The electron donors of the present invention are effectively hindered heterocyclic aromatic nitrogen compounds. By "effectively" hindered it is meant that these compounds must be sterically or electronically hindered to a sufficient extent so that they will produce elastomeric, primarily isotactic polyolefins but it is important to note that the electron donors must not be hindered to too great an extent or otherwise such polymers will not be produced.

Generally, sufficient or "effective" hindrance is provided by a constituent group or groups which are attached to the carbon atoms located on either side of the nitrogen compound in the aromatic ring. Methyl groups, as in 2,6-lutidine, and chloro and methoxy groups, as in 2-chloro-6-methoxy pyridine, are of sufficient size to provide effective hindrance but are not too big so that the advantages of the present invention are not achieved. For instance, we have found that, generally, neither hydrogen atoms, as in pyridine, nor benzo groups, as in acridine, are bulky enough to provide effective hindrance (although benzo groups in combination with methyl groups, as in quinaldine, provide appropriate hindrance). Likewise, if the substituent group is too bulky, the electron donor will not undergo efficient binding to the catalytic system and thus will not provide appropriate stereochemical control.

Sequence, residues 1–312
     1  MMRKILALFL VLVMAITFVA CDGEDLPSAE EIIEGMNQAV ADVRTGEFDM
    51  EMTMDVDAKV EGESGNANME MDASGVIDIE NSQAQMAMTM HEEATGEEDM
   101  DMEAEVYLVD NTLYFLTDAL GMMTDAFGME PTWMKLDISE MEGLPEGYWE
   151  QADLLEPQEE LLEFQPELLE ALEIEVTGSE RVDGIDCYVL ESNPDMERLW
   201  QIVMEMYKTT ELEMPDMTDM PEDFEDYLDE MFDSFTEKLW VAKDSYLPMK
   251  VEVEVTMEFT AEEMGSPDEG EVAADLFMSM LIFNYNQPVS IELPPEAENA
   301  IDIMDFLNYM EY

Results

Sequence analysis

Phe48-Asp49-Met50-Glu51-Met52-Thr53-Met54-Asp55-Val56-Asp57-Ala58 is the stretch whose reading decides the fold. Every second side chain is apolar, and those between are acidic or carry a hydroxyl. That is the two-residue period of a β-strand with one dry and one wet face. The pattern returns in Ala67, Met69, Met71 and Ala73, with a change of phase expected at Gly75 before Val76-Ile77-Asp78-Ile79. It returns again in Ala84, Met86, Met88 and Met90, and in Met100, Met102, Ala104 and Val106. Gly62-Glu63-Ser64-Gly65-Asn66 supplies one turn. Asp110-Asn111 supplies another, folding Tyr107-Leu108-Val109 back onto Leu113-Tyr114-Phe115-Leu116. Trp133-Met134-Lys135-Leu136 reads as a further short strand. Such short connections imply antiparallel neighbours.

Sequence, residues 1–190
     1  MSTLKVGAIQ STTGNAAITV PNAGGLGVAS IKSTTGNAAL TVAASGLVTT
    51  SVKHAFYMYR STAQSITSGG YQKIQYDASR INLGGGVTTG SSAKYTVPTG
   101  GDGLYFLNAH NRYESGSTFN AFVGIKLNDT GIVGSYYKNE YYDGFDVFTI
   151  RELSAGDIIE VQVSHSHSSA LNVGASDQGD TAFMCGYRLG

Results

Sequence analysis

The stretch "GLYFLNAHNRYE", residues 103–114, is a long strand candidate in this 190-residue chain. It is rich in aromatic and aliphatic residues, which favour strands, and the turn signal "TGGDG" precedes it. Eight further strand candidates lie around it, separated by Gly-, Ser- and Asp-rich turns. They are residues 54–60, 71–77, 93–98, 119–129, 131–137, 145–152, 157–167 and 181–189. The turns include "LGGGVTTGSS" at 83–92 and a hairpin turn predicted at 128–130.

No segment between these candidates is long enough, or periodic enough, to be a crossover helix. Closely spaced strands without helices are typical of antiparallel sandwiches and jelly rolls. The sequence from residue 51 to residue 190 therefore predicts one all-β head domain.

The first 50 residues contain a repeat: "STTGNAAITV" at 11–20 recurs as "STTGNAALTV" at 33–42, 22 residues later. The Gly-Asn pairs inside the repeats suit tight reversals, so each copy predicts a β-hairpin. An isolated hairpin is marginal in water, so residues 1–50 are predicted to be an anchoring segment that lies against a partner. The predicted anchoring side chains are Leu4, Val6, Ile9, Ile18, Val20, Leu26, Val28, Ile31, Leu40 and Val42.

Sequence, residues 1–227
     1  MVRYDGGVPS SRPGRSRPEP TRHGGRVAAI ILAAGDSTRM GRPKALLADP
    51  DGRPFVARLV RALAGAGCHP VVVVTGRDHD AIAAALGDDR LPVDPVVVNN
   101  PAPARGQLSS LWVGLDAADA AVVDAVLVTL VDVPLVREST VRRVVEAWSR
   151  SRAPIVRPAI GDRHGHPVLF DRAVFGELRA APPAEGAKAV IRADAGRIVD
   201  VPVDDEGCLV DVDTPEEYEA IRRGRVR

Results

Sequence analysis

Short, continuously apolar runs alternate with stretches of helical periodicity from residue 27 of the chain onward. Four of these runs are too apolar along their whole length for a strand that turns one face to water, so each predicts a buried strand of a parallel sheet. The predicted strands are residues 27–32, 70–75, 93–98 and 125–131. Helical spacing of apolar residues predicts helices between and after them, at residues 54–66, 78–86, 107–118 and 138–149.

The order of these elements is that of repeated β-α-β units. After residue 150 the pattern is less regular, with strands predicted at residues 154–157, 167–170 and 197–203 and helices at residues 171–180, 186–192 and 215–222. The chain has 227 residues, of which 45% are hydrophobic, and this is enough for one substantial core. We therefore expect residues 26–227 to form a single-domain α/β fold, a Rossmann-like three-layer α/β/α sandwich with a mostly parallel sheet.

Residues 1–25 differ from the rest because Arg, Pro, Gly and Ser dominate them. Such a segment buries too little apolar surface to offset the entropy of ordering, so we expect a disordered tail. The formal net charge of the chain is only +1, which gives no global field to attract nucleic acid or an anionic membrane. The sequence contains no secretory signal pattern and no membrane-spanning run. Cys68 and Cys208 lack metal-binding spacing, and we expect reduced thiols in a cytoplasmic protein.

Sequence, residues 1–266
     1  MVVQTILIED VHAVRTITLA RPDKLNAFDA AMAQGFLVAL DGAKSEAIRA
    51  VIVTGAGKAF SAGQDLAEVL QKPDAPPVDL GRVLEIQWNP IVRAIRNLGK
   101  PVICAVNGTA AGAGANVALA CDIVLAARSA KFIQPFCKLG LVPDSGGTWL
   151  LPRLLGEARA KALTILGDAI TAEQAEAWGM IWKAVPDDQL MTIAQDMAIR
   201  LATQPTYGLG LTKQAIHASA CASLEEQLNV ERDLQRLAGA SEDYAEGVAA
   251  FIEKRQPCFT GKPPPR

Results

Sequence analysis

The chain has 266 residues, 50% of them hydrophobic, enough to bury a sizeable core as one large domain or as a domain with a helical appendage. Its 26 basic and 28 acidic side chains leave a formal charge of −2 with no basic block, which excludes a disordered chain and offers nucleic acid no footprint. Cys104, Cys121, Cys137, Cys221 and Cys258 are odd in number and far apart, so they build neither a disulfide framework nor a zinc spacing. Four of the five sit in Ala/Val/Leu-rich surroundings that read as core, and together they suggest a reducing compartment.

Compounds which may be used as electron donors include 2,3-dimethylquinoxaline, quinaldine, 2,6-lutidine, 2,4,6-collidine, tetramethylpyrazine, 2,4-dimethylquinoline, 2,6-dichloropyridine, 2-chloroquinoline, 2-chloro-6-methoxypyridine, 2,3-dichloroquinoxaline, 2,4,6-trichloropyrimidine, 2,4,5,6-tetra-chloropyrimidine, 2-chlorolepidine and 6-chloro-2-picoline.

Examples of halogen containing magnesium compounds that can be used as starting materials for the halogenating reaction are alkoxy and aryloxy magnesium halides, such as isbutoxy magnesium chloride, ethoxy magnesium bromide, phenoxy magnesium iodide, cumyloxy magnesium bromide and naphthenoxy magnesium chloride.